Economy dependent on Nile. Whereas today the desert regions lining the Nile Valley provide little or no vegetation to sustain animal life, the evidence is that in ancient times the wadis, or torrent valleys, contained many game animals hunted by the Egyptians. Still, rain was evidently scant and today is negligible (Cairo receiving perhaps 5 cm [2 in.] annually). Thus life in Egypt depended on the waters of the Nile.
The Nile’s sources take their rise in the mountains of Ethiopia and neighboring lands. Here seasonal rainfall was sufficient to swell the river’s flow, causing it to flood its banks in Egypt each year during the months of July to September. (Compare Am 8:8; 9:5.) This not only provided water for irrigation canals and basins but also deposited valuable silt to enrich the soil. So fertile was the Nile Valley, and also the Delta, that the well-watered region of Sodom and Gomorrah viewed by Lot was likened to “the garden of Jehovah, like the land of Egypt.” (Ge 13:10) However, the amount of inundation was variable; when low, production was poor and famine resulted. (Ge 41:29-31) The complete failure of the Nile inundations would represent a disaster of the first order, converting the country into a barren wasteland.—Isa 19:5-7; Eze 29:10-12.
Products. Agriculturally rich, Egypt’s main crops were barley, wheat, spelt (a type of wheat), and flax (from which fine linen was made and exported to many lands). (Ex 9:31, 32; Pr 7:16) There were vineyards and date, fig, and pomegranate trees; vegetable gardens provided a good variety of products, including cucumbers, watermelons, leeks, onions, and garlic. (Ge 40:9-11; Nu 11:5; 20:5) The allusion to ‘irrigating the land with one’s foot’ (De 11:10) is understood by some scholars to refer to the use of a foot-powered waterwheel. It might also refer to use of the foot to open and to close channels through which irrigation water flowed.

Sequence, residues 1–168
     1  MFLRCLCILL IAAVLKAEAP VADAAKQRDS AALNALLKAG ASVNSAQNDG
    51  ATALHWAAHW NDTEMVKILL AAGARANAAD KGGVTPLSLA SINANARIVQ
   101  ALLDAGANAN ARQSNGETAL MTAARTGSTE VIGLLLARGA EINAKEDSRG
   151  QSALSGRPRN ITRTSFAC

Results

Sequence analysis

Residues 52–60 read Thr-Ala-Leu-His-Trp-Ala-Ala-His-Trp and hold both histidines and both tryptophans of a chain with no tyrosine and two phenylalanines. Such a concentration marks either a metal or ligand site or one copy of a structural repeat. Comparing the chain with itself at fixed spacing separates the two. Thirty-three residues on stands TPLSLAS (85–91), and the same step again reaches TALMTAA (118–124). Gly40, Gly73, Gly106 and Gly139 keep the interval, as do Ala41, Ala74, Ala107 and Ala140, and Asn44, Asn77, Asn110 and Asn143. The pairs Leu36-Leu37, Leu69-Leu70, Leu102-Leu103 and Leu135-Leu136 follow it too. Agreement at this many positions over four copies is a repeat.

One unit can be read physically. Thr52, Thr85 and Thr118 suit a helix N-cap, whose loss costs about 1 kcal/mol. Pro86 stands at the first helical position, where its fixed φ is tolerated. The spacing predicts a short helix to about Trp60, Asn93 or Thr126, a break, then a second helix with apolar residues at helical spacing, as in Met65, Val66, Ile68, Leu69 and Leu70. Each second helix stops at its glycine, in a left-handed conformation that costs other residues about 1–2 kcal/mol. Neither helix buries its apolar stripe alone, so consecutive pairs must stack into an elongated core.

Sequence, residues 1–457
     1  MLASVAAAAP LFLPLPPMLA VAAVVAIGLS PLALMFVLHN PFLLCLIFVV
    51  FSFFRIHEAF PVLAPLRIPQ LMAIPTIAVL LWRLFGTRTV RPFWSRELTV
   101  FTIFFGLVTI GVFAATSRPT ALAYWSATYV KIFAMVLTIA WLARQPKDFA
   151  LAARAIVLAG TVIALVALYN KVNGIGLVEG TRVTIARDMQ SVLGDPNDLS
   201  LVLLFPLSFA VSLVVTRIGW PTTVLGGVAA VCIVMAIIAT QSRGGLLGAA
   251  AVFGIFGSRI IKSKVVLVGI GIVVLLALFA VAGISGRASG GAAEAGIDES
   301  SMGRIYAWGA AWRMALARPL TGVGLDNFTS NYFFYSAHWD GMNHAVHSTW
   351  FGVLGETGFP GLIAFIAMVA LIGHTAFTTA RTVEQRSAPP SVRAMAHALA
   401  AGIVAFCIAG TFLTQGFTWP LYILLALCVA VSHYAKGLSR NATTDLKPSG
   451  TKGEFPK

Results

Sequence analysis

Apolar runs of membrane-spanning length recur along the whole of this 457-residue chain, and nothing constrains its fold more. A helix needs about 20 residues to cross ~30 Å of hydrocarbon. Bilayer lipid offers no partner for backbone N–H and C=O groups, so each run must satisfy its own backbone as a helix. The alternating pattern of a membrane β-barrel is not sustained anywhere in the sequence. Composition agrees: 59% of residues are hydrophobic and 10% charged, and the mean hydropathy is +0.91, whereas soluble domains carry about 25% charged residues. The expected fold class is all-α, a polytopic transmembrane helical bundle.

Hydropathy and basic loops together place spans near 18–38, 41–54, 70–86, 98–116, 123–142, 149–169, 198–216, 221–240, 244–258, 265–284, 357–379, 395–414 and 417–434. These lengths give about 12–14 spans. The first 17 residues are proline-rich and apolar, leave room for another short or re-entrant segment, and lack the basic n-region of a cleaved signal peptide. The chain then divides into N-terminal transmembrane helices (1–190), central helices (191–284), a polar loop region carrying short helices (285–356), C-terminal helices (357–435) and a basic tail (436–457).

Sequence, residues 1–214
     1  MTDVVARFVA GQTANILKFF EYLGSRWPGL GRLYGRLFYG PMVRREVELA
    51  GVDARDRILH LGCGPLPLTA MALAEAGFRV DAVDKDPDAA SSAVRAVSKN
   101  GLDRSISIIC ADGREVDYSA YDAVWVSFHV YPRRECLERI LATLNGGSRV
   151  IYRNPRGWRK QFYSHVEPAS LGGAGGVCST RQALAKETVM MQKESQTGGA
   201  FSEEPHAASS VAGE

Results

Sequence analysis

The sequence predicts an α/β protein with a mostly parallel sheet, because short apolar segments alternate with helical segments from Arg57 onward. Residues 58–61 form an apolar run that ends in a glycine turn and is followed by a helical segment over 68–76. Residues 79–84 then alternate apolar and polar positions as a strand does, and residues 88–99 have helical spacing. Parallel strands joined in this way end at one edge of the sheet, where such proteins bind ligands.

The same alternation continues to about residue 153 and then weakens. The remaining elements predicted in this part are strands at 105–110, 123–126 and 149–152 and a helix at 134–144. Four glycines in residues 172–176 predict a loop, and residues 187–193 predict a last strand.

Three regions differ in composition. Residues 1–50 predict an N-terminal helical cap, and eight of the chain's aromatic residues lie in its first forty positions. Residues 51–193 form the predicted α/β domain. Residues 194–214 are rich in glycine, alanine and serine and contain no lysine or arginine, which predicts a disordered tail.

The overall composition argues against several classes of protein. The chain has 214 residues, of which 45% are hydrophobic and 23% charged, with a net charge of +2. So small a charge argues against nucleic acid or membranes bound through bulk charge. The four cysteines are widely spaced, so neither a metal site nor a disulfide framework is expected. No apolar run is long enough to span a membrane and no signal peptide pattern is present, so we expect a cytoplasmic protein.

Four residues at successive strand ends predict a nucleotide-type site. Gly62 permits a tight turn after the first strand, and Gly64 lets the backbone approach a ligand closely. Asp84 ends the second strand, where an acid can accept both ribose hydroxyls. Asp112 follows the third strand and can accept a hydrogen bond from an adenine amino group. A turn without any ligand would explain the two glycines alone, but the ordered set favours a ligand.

When famine hit neighboring lands, people often made their way down to fruitful Egypt, as did Abraham early in the second millennium B.C.E. (Ge 12:10) In time Egypt came to be a granary for much of the Mediterranean area. The ship out of Alexandria, Egypt, that the apostle Paul boarded at Myra in the first century C.E. was a grain ship on its way to Italy.—Ac 27:5, 6, 38.
Another important export of Egypt was papyrus, the reedy plant that grew in the abundant marshes of the Delta (Ex 2:3; compare Job 8:11) and that was used for making writing material. Lacking in forests, however, Egypt was obliged to import lumber from Phoenicia, especially cedar from port cities such as Tyre, where Egypt’s many-colored linens were prized. (Eze 27:7) Egyptian temples and monuments were built of granite and some softer stones, such as limestone, supplies of which were abundant in the hills flanking the Nile Valley. Ordinary homes and even palaces were made of mud brick (the common material for construction of buildings). Egyptian mines in the hills along the Red Sea (as well as over in the Sinai Peninsula) produced gold and copper; bronze products made from this copper were also exported.—Ge 13:1, 2; Ps 68:31.